How Perpendicular Recording Works
By Cássio Lima on June 26, 2006
The majority of hard disk drives found on the market today use a recording technology called longitudinal, where bits are stored side by side on the magnetic surface. This recording technique has been used since the first hard disk drives. A new recording technology, called perpendicular, is being used on newer hard disk drives, allowing a higher recording density. In this tutorial we will explain you everything you need to know about perpendicular recording and how data is stored on the hard disk drive magnetic surface.
Data is read and write on magnetic disks thanks to the electromagnetism physics phenomena. In 1820 a physicist called Hans Christian Oersted observed while he was preparing a lab class for his Physics students that an electrical current flowing in a wire moved the needle of a compass located near this wire. When the electrical current was shut down, the compass needle went back showing the location of Earth’s magnetic north pole. With that, he came to the conclusion that all conductors (wires) create a magnetic field around them when an electrical current is flowing. When the direction (polarity) of this electrical current is reversed, so is the polarity of the magnetic field.
In 1831 another physicist called Michael Faraday found out that the inverse was also true, i.e., if a magnetic field strong enough was created near a wire, electrical current was to be produced (inducted) in this wire. If the direction of this magnetic field was reversed, the direction of the electrical current was reversed too.
To understand how data are read and written on hard disk drives and other magnetic devices, keep in mind these two electromagnetic properties:
This is all you need to know in order to undestand how data is read and written on a hard disk drive. An upside down U-shaped conductive material with a coil on it makes the hard disk drive read/write head. On the process of writing data to the hard disk drive, an electrical current is applied to the coil, creating a magnetic field around the read/write read. This field magnetizes the platter surface right below the head, aligning the magnetic particles to the left or to the right, depending on the polarity of the electrical current that was applied. Keep in mind that reversing the electrical current polarity will also reverse the polarity of the magnetic field. A stored bit is a sequence of magnetized particles.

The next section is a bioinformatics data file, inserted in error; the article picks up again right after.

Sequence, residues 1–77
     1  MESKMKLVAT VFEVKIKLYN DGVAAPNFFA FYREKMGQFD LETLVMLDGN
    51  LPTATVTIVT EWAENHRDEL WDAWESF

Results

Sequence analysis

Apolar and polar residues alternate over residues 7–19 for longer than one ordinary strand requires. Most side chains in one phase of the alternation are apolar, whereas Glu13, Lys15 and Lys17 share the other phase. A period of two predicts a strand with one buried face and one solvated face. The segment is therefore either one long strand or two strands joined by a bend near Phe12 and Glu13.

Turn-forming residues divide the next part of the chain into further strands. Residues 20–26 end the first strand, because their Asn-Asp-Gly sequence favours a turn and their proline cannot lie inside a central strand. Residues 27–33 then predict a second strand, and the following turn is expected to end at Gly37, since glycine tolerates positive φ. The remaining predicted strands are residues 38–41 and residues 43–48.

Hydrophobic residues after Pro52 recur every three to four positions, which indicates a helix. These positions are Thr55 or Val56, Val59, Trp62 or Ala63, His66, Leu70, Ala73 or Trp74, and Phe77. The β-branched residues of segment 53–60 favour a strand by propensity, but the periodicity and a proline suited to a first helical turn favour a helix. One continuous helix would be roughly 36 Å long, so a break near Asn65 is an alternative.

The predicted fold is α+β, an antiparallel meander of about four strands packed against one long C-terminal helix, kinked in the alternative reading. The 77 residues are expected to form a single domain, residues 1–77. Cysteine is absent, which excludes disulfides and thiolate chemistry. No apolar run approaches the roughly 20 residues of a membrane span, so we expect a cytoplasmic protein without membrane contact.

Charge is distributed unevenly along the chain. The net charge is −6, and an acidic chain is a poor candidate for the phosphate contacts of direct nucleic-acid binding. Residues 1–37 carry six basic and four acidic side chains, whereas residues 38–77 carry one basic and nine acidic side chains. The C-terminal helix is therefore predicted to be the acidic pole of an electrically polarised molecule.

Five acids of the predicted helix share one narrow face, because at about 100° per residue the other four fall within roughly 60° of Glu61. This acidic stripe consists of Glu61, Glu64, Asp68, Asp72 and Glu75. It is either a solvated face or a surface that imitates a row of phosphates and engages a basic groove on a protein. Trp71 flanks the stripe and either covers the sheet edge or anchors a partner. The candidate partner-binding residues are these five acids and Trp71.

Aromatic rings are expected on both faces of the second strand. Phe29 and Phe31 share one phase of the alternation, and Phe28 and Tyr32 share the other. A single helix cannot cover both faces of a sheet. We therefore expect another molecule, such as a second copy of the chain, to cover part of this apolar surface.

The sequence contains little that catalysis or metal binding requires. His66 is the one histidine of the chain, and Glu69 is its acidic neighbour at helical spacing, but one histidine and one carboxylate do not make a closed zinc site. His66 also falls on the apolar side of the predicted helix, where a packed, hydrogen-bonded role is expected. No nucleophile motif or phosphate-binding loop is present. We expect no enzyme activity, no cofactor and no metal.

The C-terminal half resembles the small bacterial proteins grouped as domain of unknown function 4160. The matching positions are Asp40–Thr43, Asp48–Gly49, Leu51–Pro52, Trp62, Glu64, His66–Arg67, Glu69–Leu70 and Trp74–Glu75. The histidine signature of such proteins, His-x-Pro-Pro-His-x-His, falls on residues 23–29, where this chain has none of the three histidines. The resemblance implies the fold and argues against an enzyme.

On the process of reading data from the hard disk drive, when the head passes on a magnetized area either a positive or a negative current will be inducted, allowing the drive control circuit to read the stored bits.
On next page we will explain how perpendicular recording works and we will compare it to longitudinal recording.
Each hard disk drive platter is made of aluminum or glass and on it a magnetic material layer is applied, usually iron oxide mixed with other elements. We saw in the previous page that the read/write head magnetizes the magnetic particles found on the disk surface according to the applied current. We also saw that a sequence of magnetized particles represent a data bit.
Under longitudinal recording technology, found in virtually all hard disk drives found on the market today, the magnetic particles are horizontally aligned, i.e., they are found side by side on the disk surface, as you can see in Figure 2.
During several years the most common method engineers used to increase storage capacity (storage density) was to decrease the size of the magnetic particles on the hard disk surface. The smaller the particles, the more data can be stored on the hard disk drive. Shrinking the magnetic particles, however, leads to a problem called superparamagnetism, which compromises data integrity. Superparamagnetism occurs when the particles are so small that temperature variations can reverse the magnetic fields from the particles, what would corrupt stored data.
Superparamagnetism prevents manufactures from building hard disk drives with higher capacities.
On perpendicular recording technology magnetic particles are vertically aligned, as you can see in Figure 3.
With perpendicular recording technology more data can be stored on the hard disk and less superparamagnetism problems occur.
With perpendicular recording technology we will see a increase in hard disk drive storage capacities in a short period of time and we will reach the 1 terabyte barrier very soon. Just to give you an idea, Seagate launched recently their new Barracuda 7200.10 hard disk drive family, which is based on perpendicular recording, featuring models up to 750 GB!
Portable devices will also benefit from this technology, as more bits will fit in a smaller physical space.
Let’s wait to see how the performance of hard disk drives based on perpendicular recording is compared to standard longitudinal recording ones.